Data Protection Report - Norton Rose Fulbright

A director of a Hong Kong company has been convicted of an offence under the Personal Data (Privacy) Ordinance (“PDPO”). This is the first conviction of its type under the PDPO since the law came into effect in 1996, confirming the potential for directors’ liability under the law.

In this case, a director of an employment agency failed to comply with a summons issued by the Office of the Privacy Commissioner (“PCPD”) to provide information requested by the PCPD in the context of an investigation. As a result, the director was convicted on 30 June 2017 for failing to comply with a lawful requirement of the Privacy Commissioner and was fined HK$3,000 (approximately US$385).

A complaint was filed against the employment agency for transferring personal data without consent. Despite repeated requests from the PCPD, the employment agency failed to provide necessary information required for investigation. In failing to obtain a reply, the PCPD issued a summons to the director of the employment agency requiring him to attend the office for examination, but the director failed to attend the office without a lawful excuse. The PCPD then referred the case to the Police for criminal investigation.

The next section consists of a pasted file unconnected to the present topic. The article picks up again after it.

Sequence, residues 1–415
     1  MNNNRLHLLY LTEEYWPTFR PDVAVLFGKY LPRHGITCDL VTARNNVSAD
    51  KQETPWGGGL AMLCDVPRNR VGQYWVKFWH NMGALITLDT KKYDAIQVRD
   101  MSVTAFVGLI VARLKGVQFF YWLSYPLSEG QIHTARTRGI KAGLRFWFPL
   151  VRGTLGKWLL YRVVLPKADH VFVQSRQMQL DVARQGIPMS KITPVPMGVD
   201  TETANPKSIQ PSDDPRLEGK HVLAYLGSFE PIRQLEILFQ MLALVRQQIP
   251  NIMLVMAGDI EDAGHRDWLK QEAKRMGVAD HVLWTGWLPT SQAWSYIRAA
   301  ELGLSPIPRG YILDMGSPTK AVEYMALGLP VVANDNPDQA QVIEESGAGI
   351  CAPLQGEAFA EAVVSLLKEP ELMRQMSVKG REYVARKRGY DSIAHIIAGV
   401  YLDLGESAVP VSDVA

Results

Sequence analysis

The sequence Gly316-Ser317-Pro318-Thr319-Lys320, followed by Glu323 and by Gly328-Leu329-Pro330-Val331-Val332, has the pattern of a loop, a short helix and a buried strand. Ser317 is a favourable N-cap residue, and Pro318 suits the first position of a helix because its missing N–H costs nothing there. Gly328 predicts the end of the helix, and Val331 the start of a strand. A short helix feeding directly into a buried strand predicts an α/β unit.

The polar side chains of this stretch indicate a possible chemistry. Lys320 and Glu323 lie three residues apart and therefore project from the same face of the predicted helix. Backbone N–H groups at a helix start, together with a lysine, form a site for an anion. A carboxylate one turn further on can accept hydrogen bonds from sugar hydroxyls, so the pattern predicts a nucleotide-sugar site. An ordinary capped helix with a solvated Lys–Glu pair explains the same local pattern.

Our Take

Failure to comply with a lawful requirement of the Privacy Commissioner is a criminal offence, and a person can be liable to a maximum fine of HK$10,000 (approximately US$1,300) and to maximum imprisonment for 6 months. This case shows that directors can be held personally liable for such offence, and serves as a strong deterrent to remind all organisations and individuals to cooperate with the PCPD and provide all required information for investigation as expeditiously as possible.

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